Learn about Griffin’s Smoking Cessation program

With The Great American Smokeout weeks away, Griffin Hospital is helping those looking to quit smoking find support and learn about lifesaving screenings.

Griffin will host a free talk entitled “Lung Cancer: Know Your Risks, Know Your Options” on Monday, Nov. 16 at 6 p.m. in the hospital’s Dining Room, 130 Division St., Derby.

Presented by Thoracic/Vascular Surgeon Richard P. Salzano, MD, Pulmonary Specialist K. Marya Chaisson, MD, and Smoking Cessation Coaches Carrie O’Malley, RN, and Eunice Lisk, MS, the talk will discuss the causes of lung cancer, its warning signs, the hospital’s free smoking cessation program, and lung cancer screening options. Attendees will be able to take a free evaluation to see if they are at high risk for lung cancer, and may be eligible for a low-dose CT lung cancer screening that is covered by Medicaid, Medicare and most health insurance.

The American Cancer Society is encouraging smokers this month to use Nov. 19, the date of The GreatAmerican Smokeout, as a day to make a plan to quit smoking. By quitting — even for one day — smokers will be taking an important step that can lead to reducing cancer risk.

“That’s It Learn to Quit” is a free smoking cessation program offered by Griffin Hospital. The goal of the program is to help you learn how to quit. There are different methods of quitting and managing nicotine withdrawal. If one method didn’t work in the past there are others to try.

For more information or to sign-up for That’s It - Learn to Quit, call 203-732-1476.

In addition to helping people quit smoking, Griffin’s Low-Dose CT Lung Cancer Screening Program increases a person’s chances of surviving lung cancer. A study published in the New England Journal of Medicine found that patients diagnosed with lung cancer in the earliest stage have an 88 percent chance of living 10 years or longer. Unfortunately, lung cancer has little or no symptoms in the early stages, so more than 85 percent of men and women are diagnosed in late stages when there is very little chance for a cure. Research suggests that increased screening of high-risk individuals could prevent up to 12,000 lung cancer deaths per year.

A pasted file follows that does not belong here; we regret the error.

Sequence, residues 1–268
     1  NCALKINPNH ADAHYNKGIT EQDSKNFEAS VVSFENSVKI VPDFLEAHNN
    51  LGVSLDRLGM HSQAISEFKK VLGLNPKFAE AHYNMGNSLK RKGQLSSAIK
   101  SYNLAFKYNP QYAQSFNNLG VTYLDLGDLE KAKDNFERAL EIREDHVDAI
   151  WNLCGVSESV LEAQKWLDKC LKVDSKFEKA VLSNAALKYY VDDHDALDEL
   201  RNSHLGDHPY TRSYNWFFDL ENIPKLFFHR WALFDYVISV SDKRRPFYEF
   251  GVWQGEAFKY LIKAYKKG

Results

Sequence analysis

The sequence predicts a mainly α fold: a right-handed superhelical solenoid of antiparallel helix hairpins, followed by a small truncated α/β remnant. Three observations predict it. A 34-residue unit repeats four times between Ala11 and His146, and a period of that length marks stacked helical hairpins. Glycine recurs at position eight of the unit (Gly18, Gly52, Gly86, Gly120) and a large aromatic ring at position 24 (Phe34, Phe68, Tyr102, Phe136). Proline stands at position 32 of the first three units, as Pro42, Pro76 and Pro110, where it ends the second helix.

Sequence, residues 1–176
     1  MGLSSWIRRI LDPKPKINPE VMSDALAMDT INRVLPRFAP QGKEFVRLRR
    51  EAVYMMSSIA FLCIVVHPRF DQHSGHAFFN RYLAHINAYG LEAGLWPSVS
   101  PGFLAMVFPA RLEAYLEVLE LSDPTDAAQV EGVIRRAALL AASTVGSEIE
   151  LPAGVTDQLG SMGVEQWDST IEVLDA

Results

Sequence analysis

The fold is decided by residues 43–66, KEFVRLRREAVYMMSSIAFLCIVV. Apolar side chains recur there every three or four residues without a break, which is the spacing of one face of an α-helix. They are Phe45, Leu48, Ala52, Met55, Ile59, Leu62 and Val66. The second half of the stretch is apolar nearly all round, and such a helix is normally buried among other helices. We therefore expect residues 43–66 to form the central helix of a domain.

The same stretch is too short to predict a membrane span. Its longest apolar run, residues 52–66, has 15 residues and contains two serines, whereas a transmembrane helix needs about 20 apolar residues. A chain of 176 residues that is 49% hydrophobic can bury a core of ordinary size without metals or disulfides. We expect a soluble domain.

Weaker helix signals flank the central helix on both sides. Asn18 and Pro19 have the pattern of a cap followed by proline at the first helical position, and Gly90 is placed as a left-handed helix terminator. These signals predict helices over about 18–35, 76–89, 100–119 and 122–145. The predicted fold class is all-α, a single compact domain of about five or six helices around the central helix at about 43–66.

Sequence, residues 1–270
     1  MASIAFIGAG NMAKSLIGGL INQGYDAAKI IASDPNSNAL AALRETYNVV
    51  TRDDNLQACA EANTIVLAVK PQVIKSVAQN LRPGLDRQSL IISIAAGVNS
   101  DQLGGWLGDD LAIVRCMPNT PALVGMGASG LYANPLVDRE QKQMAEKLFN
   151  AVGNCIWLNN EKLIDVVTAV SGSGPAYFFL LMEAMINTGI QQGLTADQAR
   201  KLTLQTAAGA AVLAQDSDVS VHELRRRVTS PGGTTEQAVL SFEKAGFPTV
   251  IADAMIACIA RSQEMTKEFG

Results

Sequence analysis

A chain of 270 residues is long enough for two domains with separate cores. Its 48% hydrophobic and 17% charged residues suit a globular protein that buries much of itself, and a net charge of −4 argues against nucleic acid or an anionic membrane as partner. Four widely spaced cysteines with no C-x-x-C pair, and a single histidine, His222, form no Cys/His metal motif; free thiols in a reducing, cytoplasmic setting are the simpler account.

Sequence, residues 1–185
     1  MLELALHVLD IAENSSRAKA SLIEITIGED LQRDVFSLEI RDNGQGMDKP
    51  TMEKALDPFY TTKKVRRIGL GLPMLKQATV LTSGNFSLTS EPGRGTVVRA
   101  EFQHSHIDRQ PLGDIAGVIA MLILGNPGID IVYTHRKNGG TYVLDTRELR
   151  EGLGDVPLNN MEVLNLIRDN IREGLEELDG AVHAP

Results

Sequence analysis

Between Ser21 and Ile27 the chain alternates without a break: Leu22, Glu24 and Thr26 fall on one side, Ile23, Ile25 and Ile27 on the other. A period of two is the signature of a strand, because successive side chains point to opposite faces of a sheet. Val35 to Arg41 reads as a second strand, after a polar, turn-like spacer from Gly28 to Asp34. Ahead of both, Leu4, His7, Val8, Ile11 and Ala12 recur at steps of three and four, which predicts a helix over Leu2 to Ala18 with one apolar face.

According to the American Cancer Society, an estimated 221,200 new cases of lung cancer are expected in 2015. With an estimated 158,040 deaths this year, lung cancer accounts for more deaths than any other cancer in both men and women. Cigarette smoking is by far the most important risk factor for lung cancer, a risk that increases with both quantity and duration of smoking. In addition, tobacco use remains the single largest preventable cause of disease and premature death in the country.

This talk is part of Griffin Hospital's Healthy U “Tuesday Talks,” a series of free wellness talks featuring Griffin Hospital medical experts and community partners providing trusted health information and answers to questions on a wide range of topics.

To reserve your spot or for more information, call 203-732-1511 or visit griffinhealth.org/events.